Griffith Observatory is an icon of Los Angeles, a national leader in public astronomy, a beloved civic gathering place, and one of southern California's most popular attractions. The Observatory is located on the southern slope of Mount Hollywood in Griffith Park, just above the Los Feliz neighborhood. It is 1,134 feet above sea level and is visible from many parts of the Los Angeles basin.
Universal Studios Hollywood
Universal Studios Hollywood is a movie studio and theme park in the Los Angeles County, California, United States. It is one of the oldest and most famous Hollywood movie studios still in use. Its official marketing headline is "The Entertainment Capital of LA", though during the summer it is often advertised as "The Coolest Place in LA. It is the first of many full-fledged Universal Studios Theme Parks located across the world.
Los Angeles County Museum of Art
The Los Angeles County Museum of Art (LACMA) is the largest art museum in the western United States. It attracts nearly a million visitors annually. Its holdings of more than 100,000 works span the history of art from ancient times to the present. In addition to art exhibits, the museum features film and concert series.
Beverly Center Shopping Mall is a large indoor shopping center located near Beverly Hills. Beverly Center is Southern California's premier fashion destination with over 100 distinctive specialty boutiques reflecting the diverse styles and tastes of Los Angeles. The Center is anchored by Bloomingdale’s, Macy’s and the upscale dining destination, The Capital Grille.
Venice Beach is a seaside neighborhood of Los Angeles. Named for its series of canals, Venice is known as a haven for creative types. It is famous for its bohemian boardwalk and for the eclectic Abbot Kinney Blvd. Venice Beach include the beach, the promenade that runs parallel to the beach (“Ocean Front Walk” or just “the boardwalk”), Muscle Beach, the handball courts, the paddle tennis courts, Skate Dancing plaza, the numerous beach volleyball courts, the bike trail and the businesses and residences that have their addresses on Ocean Front Walk.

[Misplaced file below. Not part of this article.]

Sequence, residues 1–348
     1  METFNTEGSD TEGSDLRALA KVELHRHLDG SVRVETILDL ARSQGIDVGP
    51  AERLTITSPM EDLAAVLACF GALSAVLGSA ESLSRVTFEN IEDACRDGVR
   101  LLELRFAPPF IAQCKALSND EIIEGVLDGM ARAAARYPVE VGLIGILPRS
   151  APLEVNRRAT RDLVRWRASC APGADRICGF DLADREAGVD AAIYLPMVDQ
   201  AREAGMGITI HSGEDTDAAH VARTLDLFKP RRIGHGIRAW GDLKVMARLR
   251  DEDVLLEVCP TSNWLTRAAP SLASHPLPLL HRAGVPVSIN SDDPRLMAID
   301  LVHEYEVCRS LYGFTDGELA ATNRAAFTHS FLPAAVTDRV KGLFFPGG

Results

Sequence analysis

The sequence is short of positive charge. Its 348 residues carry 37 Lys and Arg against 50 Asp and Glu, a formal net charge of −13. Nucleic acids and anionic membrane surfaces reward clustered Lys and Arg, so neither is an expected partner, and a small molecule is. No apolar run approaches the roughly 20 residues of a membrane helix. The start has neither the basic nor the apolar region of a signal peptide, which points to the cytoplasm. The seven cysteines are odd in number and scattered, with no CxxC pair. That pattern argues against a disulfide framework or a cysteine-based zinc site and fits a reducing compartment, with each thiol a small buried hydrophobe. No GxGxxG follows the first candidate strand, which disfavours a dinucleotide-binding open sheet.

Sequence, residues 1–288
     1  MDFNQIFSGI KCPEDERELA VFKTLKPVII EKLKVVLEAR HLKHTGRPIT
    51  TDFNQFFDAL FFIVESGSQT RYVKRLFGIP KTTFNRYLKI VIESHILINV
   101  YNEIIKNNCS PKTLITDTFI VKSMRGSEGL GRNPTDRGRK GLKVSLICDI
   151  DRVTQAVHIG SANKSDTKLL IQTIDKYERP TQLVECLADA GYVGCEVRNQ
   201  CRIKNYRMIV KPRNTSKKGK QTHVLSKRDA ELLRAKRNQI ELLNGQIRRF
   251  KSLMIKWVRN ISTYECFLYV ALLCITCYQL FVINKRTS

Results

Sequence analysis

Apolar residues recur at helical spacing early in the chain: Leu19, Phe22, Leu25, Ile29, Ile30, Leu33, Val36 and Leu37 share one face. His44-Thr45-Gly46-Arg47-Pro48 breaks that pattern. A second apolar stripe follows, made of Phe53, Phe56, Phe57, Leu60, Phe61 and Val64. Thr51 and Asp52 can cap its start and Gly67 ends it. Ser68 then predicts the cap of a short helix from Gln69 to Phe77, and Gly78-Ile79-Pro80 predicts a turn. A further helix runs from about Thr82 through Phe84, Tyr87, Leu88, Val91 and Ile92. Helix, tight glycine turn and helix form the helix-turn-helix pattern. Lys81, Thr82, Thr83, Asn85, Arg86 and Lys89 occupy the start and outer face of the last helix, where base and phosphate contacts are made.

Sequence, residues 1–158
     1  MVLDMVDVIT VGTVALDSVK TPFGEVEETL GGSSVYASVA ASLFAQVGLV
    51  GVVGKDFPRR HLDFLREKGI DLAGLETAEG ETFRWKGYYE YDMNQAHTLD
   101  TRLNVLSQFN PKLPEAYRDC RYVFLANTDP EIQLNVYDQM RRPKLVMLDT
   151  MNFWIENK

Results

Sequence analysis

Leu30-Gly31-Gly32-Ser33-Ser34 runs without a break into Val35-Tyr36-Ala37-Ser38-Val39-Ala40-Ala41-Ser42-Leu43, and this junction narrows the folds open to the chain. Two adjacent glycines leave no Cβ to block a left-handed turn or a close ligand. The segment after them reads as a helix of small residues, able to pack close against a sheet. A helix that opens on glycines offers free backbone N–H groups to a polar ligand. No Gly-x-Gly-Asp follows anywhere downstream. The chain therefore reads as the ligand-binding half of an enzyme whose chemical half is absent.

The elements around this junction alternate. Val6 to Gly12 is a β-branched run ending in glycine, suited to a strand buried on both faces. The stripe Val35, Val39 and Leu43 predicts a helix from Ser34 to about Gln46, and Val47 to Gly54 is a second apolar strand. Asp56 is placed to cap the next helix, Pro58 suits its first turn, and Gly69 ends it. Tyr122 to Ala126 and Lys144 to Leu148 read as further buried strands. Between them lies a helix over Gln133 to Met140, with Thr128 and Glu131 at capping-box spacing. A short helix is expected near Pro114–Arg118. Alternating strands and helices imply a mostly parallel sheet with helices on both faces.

Los Angeles Zoo and Botanical Gardens
The Los Angeles Zoo and Botanical Gardens is located in Los Angeles Griffith Park. The Zoo is home to more than 1,100 mammals, birds, amphibians and reptiles representing more than 250 different species of which 29 are endangered. In addition, the Zoo’s botanical collection comprises several planted gardens and over 800 different plant species with over 7,400 individual plants. The Zoo receives over 1.5 million visitors per year.
Staples Center is a multi-purpose sports arena in Los Angeles. It is one of the major sporting facilities in the Greater Los Angeles Area. The arena is home to the Los Angeles Lakers and the Los Angeles Clippers of the National Basketball Association (NBA), the Los Angeles Kings of the National Hockey League (NHL), and the Los Angeles Sparks of the Women's National Basketball Association (WNBA).
The Watts Towers are a complex set of 17 separate sculptural pieces built on a residential lot in the community of Watts. Two of the towers rise to a height of nearly 100 feet. The Watts Towers are one of only nine works of folk art listed on the National Register of Historic Places. The site is one of only four US National Historic Landmarks in the city of Los Angeles.
The Center houses a comprehensive collection of Western art from medieval times to the present, with particular strengths in alchemical texts, Italian futurism, Russian Modernism, Japanese avant-garde art and artists’ letters and sketchbooks throughout the ages. The Center’s campus features numerous garden spaces, fountains and pools as well as outdoor sculptures. The center draws 1.3 million visitors annually.